Mirriam smiling in front of a group of children.
Mirriam smiling in front of a group of children.

Photo © Peter Caton

Mirriam

Turning a devastating situation into an amazing plan of action

Mirriam, from Malawi, is one of those people who makes you feel ashamed that you get annoyed about parking tickets or queues at the post office.

She’s kept an amazingly positive attitude in the face of some devastating situations. When you meet her the first thing you notice is that she seems to radiate joy.

Mirriam’s family has had some tough things to deal with. She’s a mother of three boys: Matteus, Blessings and John. When Blessings was four, he contracted cerebral malaria, which affected his development and caused physical disabilities that restricted his movement.

Mirriam was, understandably, very worried for her sons and herself, but there was worse to come. One evening not long after he’d contracted malaria, Blessings was badly burned in a house fire. He survived, but had to have one of his legs amputated at the hip and was in hospital for six months. Mirriam slept on the concrete floor under his hospital bed every night.

Mirriam and her sons sat on a sofa.

Mirriam with her two younger sons, Blessings and John.

Photo © Peter Caton

After the accident, Blessings required a wheelchair. In Malawi, there’s very limited provision for children with disabilities; you can’t just request a wheelchair and be given one. And even if there is a wheelchair available, there’s no guarantee it’ll be the kind you need for your age or requirements. What Blessings got was a chair made of wood, with no tyres, that was pretty uncomfortable.

Mirriam had a lot to cope with: she was bringing up three boys, and had seen one of them go through a serious illness and a devastating accident that left doctors doubting he’d survive. Can you imagine how you’d handle all of that? And yet, when we met her, Mirriam was beaming nearly all the time.

Where many parents in her situation would have felt like giving up in despair, Mirriam took action. She donated some of her own land and applied for grants to help set up the Dawn Centre, a residential school for children with disabilities. She wanted them to receive both education and physical therapy.

Mirriam and her son Blessings who uses a wheelchair.

Mirriam and her son Blessings.

Photo © Peter Caton

The Dawn Centre is a brilliant example of working in partnership. Sightsavers works with PODCAM (the Parents of Disabled Children Association of Malawi) to give training to staff and parents and implement inclusive education, so some of the children can make the transition to mainstream schools. Materials and labour to build the centre were paid for by AquAid, which continues to support the centre.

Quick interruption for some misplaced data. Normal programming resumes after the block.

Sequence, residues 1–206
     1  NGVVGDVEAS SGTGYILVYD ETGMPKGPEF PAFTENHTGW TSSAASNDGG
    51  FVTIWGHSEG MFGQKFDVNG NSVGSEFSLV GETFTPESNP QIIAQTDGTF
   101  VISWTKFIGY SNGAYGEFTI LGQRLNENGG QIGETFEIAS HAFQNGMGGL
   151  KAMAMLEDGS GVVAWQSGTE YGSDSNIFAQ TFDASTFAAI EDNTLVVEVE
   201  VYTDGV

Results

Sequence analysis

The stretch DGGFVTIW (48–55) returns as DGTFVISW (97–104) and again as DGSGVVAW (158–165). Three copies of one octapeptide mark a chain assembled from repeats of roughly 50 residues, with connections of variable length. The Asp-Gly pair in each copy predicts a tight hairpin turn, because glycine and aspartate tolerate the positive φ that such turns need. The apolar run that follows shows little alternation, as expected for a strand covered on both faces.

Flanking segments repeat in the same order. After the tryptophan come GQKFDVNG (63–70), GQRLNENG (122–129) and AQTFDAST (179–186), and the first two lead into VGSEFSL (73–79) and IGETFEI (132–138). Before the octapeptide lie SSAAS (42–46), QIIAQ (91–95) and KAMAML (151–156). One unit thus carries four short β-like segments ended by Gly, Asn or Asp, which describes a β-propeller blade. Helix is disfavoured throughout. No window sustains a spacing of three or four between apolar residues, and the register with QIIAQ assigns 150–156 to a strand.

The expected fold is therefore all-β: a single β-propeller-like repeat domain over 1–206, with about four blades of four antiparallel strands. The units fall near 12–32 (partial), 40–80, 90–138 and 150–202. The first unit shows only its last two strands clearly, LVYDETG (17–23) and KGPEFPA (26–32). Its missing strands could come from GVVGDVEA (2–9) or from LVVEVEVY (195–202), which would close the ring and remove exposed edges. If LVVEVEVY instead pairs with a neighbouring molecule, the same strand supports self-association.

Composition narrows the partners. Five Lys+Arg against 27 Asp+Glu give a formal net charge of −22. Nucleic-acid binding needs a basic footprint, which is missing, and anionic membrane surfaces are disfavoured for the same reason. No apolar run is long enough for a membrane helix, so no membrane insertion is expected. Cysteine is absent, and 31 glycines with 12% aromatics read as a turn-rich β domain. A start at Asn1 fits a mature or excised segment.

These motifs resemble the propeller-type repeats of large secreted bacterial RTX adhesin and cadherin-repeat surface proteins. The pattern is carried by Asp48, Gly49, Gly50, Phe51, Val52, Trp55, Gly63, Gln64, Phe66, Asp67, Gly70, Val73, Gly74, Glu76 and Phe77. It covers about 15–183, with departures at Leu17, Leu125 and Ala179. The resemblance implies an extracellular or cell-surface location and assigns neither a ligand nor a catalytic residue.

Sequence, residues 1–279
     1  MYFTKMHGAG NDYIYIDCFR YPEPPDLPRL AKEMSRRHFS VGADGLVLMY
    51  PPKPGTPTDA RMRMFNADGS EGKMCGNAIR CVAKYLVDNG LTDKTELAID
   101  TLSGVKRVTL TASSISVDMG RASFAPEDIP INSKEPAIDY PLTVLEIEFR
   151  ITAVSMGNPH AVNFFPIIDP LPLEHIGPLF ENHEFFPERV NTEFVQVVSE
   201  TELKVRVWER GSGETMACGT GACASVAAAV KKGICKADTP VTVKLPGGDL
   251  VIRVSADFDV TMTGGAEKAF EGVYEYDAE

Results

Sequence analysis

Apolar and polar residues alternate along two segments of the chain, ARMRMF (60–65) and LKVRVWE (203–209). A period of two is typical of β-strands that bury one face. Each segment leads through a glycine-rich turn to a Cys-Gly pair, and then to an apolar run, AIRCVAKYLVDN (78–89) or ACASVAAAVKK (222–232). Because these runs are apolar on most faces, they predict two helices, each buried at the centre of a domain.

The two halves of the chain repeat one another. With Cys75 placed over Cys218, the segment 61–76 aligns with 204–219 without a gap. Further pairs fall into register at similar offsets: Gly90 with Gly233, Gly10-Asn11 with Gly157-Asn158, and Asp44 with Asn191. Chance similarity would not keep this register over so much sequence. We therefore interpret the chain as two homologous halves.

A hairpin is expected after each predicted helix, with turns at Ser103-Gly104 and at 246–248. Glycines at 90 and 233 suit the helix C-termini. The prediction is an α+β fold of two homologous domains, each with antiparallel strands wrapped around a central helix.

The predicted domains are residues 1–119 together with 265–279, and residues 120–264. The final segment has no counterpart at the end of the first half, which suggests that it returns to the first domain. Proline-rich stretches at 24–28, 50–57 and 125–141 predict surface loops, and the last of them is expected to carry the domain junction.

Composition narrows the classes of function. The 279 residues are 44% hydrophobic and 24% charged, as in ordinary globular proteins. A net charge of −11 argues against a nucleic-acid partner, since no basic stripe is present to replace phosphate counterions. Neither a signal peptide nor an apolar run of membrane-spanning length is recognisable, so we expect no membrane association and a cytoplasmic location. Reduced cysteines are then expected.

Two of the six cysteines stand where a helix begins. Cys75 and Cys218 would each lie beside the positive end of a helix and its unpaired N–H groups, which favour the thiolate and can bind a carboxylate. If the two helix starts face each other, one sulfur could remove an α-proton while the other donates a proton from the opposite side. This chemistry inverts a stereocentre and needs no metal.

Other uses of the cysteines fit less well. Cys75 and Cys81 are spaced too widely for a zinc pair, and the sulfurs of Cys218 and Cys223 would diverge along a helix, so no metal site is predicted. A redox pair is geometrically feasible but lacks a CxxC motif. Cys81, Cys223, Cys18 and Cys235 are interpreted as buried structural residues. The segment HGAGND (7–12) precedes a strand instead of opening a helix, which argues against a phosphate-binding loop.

But it’s Mirriam’s drive that has really made it all happen. She’s rallied and educated other parents in her community who have children with disabilities. She gets them involved in running the school and helps them understand that their children can benefit from education, therapy and inclusion, rather than being kept indoors and left unstimulated.

A classroom full of children.

A classroom at the Dawn Centre.

Photo © Peter Caton

The centre helpes 77 children, including young people like Atola, who contracted yellow fever as a child and has been severely paralysed as a result. She receives physiotherapy from Mirriam, who brings the family soap, flour and other essentials when she visits.

It also helps children like Emmanuel, who’s 13 and had cerebral malaria like Blessings. He benefits hugely from Mirriam’s visits, and everyone can see what a great relationship they have.

As for Blessings: he’s thriving. He’s a happy, lively eight-year-old doing well at school, and his favourite subject is maths.

Mirriam smiles at a young man who uses a wheelchair.

Emmanuel Makanjira, 13, receives outreach physiotherapy from Mirriam.

Photo © Peter Caton

Mirriam’s story shows the incredible difference one person has made. It’s impossible to fully sum up the transformation she’s brought about in her community. The lives of children with disabilities in her region have been immeasurably improved, and she says this is what she values most about her work: “Now they are living a happy life, like any children.”

Like Mirriam, we think all children are worth educating and deserving of opportunities. That’s why our Put Us in the Picture campaign exists: to convince politicians that they need to make sure people with disabilities are included in the global fight against poverty.

 

Mirriam sitting on her motorcycle wearing a helmet.

Miriam on the motorbike she uses for outreach work.

Photo © Peter Caton.